paper trail

Sally Rooney wins Costa Novel Award; What Marie Kondo gets wrong about books

Sally Rooney. Photo: Jonny L. Davies.

Sally Rooney has won the Costa Novel Award for Normal People. Rooney is the youngest author ever to win the prize. Other winners include J. O. Morgan’s poetry book Assurances, Bart van Es’s memoir The Cut Out Girl, and Stuart Turton’s debut novelThe Seven Deaths of Evelyn Hardcastle.

Two hundred Vice employees from the company’s TV and video departments have joined editorial employees in unionizing with the Writers Guild of America East.

Observer editor in chief Ben Robinson has left the company after ten months. There are no plans to find a replacement, and social media editor Mary von Aue has taken over as editorial director.

Columbia Journalism Review looks at media coverage of the federal government shutdown. “Shutdowns are always tricky stories for journalists, with complex technical negotiations often hiding behind political grandstanding,” Jon Allsop writes. “This shutdown—now the third-longest in US history—is even trickier, with lies, misleading statistics, and the volatile nature of Trump’s decision-making all thrown into the mix.”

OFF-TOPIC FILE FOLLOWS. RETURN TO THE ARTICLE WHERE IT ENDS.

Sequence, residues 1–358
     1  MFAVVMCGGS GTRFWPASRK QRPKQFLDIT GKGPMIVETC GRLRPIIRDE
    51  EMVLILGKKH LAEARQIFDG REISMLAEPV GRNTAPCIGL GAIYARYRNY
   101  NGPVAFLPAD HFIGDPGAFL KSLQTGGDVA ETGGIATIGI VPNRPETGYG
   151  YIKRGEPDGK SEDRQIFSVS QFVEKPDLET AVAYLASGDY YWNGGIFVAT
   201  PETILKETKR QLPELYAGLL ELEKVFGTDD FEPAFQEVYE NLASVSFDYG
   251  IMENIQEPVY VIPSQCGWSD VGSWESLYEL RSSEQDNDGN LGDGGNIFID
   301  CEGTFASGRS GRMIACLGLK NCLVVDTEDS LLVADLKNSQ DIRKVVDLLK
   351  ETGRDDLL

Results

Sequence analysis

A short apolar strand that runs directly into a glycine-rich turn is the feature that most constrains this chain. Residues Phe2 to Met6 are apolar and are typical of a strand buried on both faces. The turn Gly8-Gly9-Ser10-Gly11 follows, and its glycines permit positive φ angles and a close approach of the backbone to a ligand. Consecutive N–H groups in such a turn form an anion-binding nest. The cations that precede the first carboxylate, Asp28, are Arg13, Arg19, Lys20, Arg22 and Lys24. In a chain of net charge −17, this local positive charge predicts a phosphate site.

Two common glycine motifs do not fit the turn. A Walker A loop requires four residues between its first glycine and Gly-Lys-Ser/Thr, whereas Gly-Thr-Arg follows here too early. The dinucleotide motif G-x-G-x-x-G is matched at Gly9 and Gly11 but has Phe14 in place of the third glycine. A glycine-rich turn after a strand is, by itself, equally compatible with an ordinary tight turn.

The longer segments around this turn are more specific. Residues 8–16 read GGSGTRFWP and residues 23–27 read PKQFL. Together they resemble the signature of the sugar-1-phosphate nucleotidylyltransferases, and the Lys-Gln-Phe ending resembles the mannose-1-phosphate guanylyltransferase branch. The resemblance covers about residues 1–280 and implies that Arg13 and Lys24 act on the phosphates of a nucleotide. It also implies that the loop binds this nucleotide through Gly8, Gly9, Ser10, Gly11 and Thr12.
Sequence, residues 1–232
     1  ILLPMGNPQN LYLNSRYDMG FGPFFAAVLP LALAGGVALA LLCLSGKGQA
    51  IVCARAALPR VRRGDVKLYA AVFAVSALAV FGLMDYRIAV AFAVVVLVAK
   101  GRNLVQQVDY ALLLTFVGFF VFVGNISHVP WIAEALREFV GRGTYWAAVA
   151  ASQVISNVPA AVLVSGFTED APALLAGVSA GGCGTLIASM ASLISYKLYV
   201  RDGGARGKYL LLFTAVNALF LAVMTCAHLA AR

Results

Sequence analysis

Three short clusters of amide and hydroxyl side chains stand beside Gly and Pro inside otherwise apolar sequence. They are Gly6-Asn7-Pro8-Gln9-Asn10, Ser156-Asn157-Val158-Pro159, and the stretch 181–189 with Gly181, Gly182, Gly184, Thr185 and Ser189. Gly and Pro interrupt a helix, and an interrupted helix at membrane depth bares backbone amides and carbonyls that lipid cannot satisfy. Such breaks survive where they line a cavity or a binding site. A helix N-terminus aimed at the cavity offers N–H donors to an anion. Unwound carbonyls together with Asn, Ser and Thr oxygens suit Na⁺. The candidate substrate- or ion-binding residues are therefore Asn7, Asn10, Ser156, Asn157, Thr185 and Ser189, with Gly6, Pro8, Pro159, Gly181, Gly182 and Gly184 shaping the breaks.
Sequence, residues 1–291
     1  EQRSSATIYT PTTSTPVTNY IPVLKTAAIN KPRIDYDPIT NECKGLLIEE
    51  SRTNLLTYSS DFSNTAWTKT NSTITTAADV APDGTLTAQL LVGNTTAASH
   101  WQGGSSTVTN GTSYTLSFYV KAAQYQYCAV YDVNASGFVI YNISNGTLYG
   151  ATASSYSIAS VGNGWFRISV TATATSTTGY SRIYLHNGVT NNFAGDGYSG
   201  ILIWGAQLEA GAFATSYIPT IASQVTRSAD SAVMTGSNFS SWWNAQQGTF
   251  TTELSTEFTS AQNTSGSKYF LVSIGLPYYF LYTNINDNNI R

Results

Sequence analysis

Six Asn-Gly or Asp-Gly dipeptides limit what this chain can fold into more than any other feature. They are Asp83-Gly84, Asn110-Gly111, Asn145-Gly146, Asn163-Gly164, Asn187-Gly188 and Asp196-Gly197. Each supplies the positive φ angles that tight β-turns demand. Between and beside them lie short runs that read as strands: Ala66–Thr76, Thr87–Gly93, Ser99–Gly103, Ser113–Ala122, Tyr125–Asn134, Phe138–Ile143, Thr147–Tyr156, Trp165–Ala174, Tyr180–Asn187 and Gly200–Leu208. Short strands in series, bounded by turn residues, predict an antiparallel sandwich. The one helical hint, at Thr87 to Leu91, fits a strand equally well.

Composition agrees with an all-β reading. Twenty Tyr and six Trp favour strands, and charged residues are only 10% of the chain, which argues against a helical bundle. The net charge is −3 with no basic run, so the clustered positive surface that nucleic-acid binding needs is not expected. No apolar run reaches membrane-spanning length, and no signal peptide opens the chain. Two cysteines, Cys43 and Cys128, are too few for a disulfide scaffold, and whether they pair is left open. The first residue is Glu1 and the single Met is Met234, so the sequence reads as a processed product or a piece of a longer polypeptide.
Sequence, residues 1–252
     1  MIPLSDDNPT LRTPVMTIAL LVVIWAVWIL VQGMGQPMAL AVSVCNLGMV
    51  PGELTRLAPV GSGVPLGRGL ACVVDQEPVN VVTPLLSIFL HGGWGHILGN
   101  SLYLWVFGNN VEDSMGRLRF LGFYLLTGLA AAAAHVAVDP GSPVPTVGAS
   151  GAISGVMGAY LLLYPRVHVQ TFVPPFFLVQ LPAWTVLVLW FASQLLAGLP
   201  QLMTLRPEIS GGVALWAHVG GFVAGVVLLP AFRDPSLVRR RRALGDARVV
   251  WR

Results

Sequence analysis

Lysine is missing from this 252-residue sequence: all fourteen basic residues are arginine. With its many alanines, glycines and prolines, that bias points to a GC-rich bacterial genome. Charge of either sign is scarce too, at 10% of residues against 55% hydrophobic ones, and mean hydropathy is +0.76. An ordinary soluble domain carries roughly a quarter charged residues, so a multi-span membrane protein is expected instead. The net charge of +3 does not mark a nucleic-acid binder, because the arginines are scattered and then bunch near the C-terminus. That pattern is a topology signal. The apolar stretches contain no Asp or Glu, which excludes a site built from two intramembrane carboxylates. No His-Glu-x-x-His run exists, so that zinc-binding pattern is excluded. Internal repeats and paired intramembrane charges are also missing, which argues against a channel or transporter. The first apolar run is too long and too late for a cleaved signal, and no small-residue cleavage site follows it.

At The Guardian, Anakana Schofield argues that we should not follow Marie Kondo’s directions to get rid of books that don’t “give us joy.” “Books are not a reflection of our thoughts and values, because more often than not they reflect someone else’s, whether it is Lolita, Mrs Dalloway or Snoopy,” she writes. “Our book collections record the narrative of expansion, diversion, regression, terror and yet-to-be-discovered possibilities of our reading life.”

In a five-thousand-word email to journalists, Julian Assange outlined over one hundred “false and defamatory statements” about himself that the media should avoid in their reporting, “including that Assange bleaches his hair, that he is a hacker, that he has ever neglected an animal or that he has poor personal hygiene.”